My own personal interest and following of your subsequent postings resulted from your name-calling and bizarre statements. At first, not knowing your history on Amazon threads I thought that Ronald was doing you a disservice - I now understand and appreciate the use of the term 'wingnut' (though it also appears to have a political meaning).

Unfortunately, your methodology for finding 'interesting' information is flawed, as you do not open, read, and understand the sites, and you are unwilling or unable to distinguish between science, pseudoscience and anti-science. Basically, you are attempting to find 'information', 'speculation' and 'theories' that support your own beliefs.

I'm amused that you ignored my comment regarding your sighting of the 'goldie' UFO at Cahuilla Mountain, where there are numerous fault lines. Any such strange lights *may* be caused by the phenomena known as 'earthquake light' or 'earth light'. This is now well documented, even if the mechanisms are not fully understood, meaning that unusual luminous phenomenon can sometimes be seen in the sky in areas of tectonic stress, seismic activity and volcanic eruptions. 'Earth light' is not a fully accepted explanation but one that has garnered real research, even if the phenomenon is not understood and the idea is wrong.

This marks a major difference between the real investigation of UFOs and the alien believers: To jump to the assumption that these are alien vehicles or alien remotely controlled craft is the complex improbable 'answer'; Occam's Razor indicates an undocumented or unexplained or unrecognised natural phenomenon. And, inevitably, the alien believers often declare there is a conspiracy to hide information of alien visitors and that at some point there will be 'disclosure'.

I suppose that as you admit that you have a "pretty thick hide" this could be taken as evidence that David Icke is actually correct in his strange ideas of reptile aliens living on earth! [This statement is intended as a joke.] It is certainly no stranger than some of the things, copied below, that you have been saying about Ronald and myself.

A "clueless, bewildered" population? I fear so, but not for the reasons you describe. I was very very lucky to witness the launch of STS-1 on an official NASA stand three miles from the launch site; I have nothing but admiration for the achievements of American science and engineering, and its contribution to the technology and welfare of the West. However, having read through various threads on Amazon, that scientific age is now being undermined by widespread ignorance and superstition.

The people who counter your statements are not seeking to discredit you - you are doing that for yourself.

Recently updated statement by Marilyn on an Aliens thread:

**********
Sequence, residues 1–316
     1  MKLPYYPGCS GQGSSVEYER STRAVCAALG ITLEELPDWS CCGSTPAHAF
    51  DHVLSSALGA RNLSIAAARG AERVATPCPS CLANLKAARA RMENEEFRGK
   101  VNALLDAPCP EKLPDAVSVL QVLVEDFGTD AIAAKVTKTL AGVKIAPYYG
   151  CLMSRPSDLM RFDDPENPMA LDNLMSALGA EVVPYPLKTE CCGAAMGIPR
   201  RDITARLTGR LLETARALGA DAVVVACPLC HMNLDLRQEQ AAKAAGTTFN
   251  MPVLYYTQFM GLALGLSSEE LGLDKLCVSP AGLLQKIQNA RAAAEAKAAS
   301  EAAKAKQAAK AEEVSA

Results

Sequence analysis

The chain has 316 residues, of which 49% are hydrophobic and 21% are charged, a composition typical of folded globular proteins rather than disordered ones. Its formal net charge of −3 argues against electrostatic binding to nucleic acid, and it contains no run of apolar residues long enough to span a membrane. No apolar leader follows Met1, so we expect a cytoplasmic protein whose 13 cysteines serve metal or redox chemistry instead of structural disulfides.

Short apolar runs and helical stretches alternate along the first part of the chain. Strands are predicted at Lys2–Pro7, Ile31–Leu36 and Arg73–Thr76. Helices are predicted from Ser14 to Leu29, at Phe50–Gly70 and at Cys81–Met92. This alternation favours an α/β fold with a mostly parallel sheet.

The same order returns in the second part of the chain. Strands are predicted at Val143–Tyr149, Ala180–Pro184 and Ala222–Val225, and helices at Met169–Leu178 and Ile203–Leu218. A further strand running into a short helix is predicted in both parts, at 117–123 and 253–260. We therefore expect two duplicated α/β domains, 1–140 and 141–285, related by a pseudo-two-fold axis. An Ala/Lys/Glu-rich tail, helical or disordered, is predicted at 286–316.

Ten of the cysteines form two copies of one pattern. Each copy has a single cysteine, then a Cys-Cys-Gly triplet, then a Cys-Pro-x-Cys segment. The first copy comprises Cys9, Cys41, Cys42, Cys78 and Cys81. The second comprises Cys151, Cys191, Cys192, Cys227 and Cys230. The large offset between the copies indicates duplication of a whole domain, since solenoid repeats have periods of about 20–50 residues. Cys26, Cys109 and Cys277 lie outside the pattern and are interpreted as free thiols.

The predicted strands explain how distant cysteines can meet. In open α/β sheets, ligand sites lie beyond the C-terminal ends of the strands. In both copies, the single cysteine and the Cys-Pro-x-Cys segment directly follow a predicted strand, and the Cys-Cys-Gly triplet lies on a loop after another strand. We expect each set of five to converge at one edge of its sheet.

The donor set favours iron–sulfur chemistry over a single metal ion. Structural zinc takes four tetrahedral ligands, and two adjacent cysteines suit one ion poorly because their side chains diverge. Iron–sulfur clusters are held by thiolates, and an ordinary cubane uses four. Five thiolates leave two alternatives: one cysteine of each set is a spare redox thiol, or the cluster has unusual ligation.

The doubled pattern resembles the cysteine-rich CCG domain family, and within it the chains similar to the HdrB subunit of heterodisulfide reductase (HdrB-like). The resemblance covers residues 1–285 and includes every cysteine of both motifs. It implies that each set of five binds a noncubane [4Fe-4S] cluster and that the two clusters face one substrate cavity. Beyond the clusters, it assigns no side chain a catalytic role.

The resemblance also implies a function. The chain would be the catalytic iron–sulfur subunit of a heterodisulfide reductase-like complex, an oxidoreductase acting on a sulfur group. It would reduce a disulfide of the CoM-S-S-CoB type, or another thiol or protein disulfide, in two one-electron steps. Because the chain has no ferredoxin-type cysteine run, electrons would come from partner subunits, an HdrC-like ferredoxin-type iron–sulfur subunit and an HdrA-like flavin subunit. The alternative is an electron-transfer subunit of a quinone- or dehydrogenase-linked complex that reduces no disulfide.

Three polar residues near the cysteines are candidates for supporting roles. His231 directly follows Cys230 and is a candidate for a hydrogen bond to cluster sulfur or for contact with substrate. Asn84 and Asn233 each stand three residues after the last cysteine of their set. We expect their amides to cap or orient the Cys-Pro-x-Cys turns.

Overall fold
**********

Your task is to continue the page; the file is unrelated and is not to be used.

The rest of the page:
***************

And yes, you asked the million dollar question: WHY do the M. Helsdons of the web work so diligently to explain away or stomp out every new speculative idea that is raised? The possibilities are amazing to consider:

--- He is taking money from a company working on beyond-speculative enterprises, and doesn't want to let the competition in on their little secret.

--- He is a paid dis-information specialist, in either the military or corporate world. Again, told to attack any new idea/theory with such ferocity that most posters abandon the thread, and never come back. (While the corporation or military entity knows the truth, and wants to keep it buried while they rake in billions from secret government contracts.)

--- He is possibly a hybrid involved in a Slow Invasion, and is doing his part to stomp out any and all interest in UFOs and ETs. A clueless, bewildered, never-saw-it-coming population is so much easier to overtake. (Check out the thread I started by hypothesizing how different ET invasions could take place. MH and RC were tripping over themselves to attack and discredit my speculations -- and me.)

To quote Deep Throat (from the Watergate era). "Just follow the money."

It's all about money and power, and how the well monied powerful will resort to literally anything to keep their power, and keep the money flowing.

The way his posts operate is a clue to his other-than-full-disclosure-attitude. His over-the-top ferocity and lengthy "explaining away" first responses are the most prominent clue, that he is acting on someone else's behalf. If his continuous hammering on the speculative idea/theory doesn't run off enough people, then he turns to attacking the poster, using a desperate mixture of ridicule, name-calling and faux feeling-sorry-for-the-poster who is so confused, mislead and downright looney. (NOT!)